Chapter 6. Configuring Persistent Datasources

download PDF

JBoss Data Grid lets you persist data stored in the cache to a datasource. There are two types of datasources for Red Hat JBoss Data Grid for OpenShift:

  • Internal datasources that run on OpenShift. These datasources are available through the Red Hat Container Registry and do not require you to configure additional environment files.


    Internal datasources include PostgreSQL, MySQL, and MongoDB. However, Red Hat JBoss Data Grid for OpenShift currently supports PostgreSQL and MySQL only.

  • External datasources that do not run on OpenShift. You must configure these external datasources with environment files that you add to OpenShift Secrets.

6.1. Configuring Internal Datasources

The DB_SERVICE_PREFIX_MAPPING environment variable defines JNDI mappings for internal datasources.

You can define multiple JNDI mappings as comma-separated values for the DB_SERVICE_PREFIX_MAPPING environment variable. When you run the JBoss Data Grid for OpenShift image, the launch script creates a separate datasource for each JNDI mapping. The JBoss Data Grid for OpenShift then automatically discovers each datasource.

To define a JNDI mapping, specify a value for the environment variable in the following format:


  • <poolname> is the pool-name attribute for the datasource. Use any alphanumeric value that is meaningful and easy to identify. The value cannot contain special characters. Likewise, the value must contain lowercase characters only.
  • <database_type> specifies the database driver to use. The value must contain lowercase characters only.


    Only mysql and postgresql are supported values for <database_type>.

  • <PREFIX> is used for the names of environment variables that configure the datasource.

6.1.1. Single Datasource Example

If you specify test-postgresql=TEST as the value for the DB_SERVICE_PREFIX_MAPPING environment variable, it creates a datasource with the following name:


You must use the TEST_ prefix when specifying other environment variables for the datasource. For example, to set the username and password, use TEST_USERNAME and TEST_PASSWORD as the environment variables.

6.1.2. Multiple Datasource Example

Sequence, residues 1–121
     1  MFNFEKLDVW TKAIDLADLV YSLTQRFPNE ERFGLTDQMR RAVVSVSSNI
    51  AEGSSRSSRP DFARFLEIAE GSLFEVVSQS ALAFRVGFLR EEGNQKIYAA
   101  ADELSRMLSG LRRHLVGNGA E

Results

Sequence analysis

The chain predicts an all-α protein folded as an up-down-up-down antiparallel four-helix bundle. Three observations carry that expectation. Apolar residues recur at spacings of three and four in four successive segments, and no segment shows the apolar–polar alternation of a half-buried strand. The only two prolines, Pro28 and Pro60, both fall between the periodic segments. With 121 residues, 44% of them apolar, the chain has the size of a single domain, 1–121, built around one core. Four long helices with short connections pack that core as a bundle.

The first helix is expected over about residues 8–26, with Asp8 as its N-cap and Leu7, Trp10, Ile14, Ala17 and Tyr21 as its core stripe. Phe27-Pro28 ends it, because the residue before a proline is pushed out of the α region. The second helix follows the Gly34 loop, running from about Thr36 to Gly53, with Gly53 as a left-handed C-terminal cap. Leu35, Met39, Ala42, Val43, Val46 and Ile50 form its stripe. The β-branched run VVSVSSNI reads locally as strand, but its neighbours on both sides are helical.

If you specify cloud-postgresql=CLOUD,test-mysql=TEST_MYSQL as the value for the DB_SERVICE_PREFIX_MAPPING environment variable, it creates two datasources with the following names:

  • java:jboss/datasources/test_mysql
  • java:jboss/datasources/cloud_postgresql

When specifying other environment variables for the datasources, you must use the TEST_MYSQL prefix to configure the MySQL datasource. For example, use TEST_MYSQL_USERNAME as the environment variable to specify the username.

Similarly, you must use the CLOUD_ prefix to configure the PostgreSQL datasource. For example, use CLOUD_USERNAME as the environment variable to specify the username.

6.2. Configuring External Datasources

To use an external datasource, you define a custom image template and then use the Source-to-Image (S2I) build tool to create an image. S2I is a framework that takes application source code as an input and produces a new image that runs the assembled application as output.

The following high-level steps provide an overview of the process:

  1. Specify the CUSTOM_INSTALL_DIRECTORIES environment variable in the image template JSON. This variable defines the location where S2I artifacts reside, as in the following example:

        "value": "extensions/*"
  2. Create an script in that directory. This script installs the modules and drivers for the external datasource in the image.

    The following is an example script:

    # Import the common functions for installing modules and configuring drivers
    source /usr/local/s2i/
    # Directory where this script is located
    # Install the modules for the datasource
    install_modules ${injected_dir}/modules
    # Configure the drivers for the datasource
    configure_drivers ${injected_dir}/
  3. Include a modules subdirectory that contains a module.xml file and the driver for the datasource. The resulting image uses the module to load classes and define dependencies.

    As an example, you plan to use Derby as an external datasource. You need to obtain a driver such as derby- and place it in the following directory: modules/org/apache/derby/main/

    In the same directory, you also need to create a module.xml file that defines the driver as a resource and declares dependencies.

    The following is an example module.xml file:

    <?xml version="1.0" encoding="UTF-8"?>
    <module xmlns="urn:jboss:module:1.3" name="org.apache.derby">
       <resource-root path="derby-"/>
       <resource-root path="derbyclient-"/>
       <module name="javax.api"/>
       <module name="javax.transaction.api"/>
  4. Define the driver configuration properties in a environment variable file.

    The following is an example file:

  5. After you build and deploy the image, specify environment variables for the datasource.

    The following example shows a datasource definition with the DATASOURCES environment variable:

    # Set a unique prefix for the datasource
    # Specify other environment variables using the prefix
    # _HOST and _PORT are required but not used
Red Hat logoGithubRedditYoutubeTwitter


Try, buy, & sell


About Red Hat Documentation

We help Red Hat users innovate and achieve their goals with our products and services with content they can trust.

Making open source more inclusive

Red Hat is committed to replacing problematic language in our code, documentation, and web properties. For more details, see the Red Hat Blog.

About Red Hat

We deliver hardened solutions that make it easier for enterprises to work across platforms and environments, from the core datacenter to the network edge.

© 2024 Red Hat, Inc.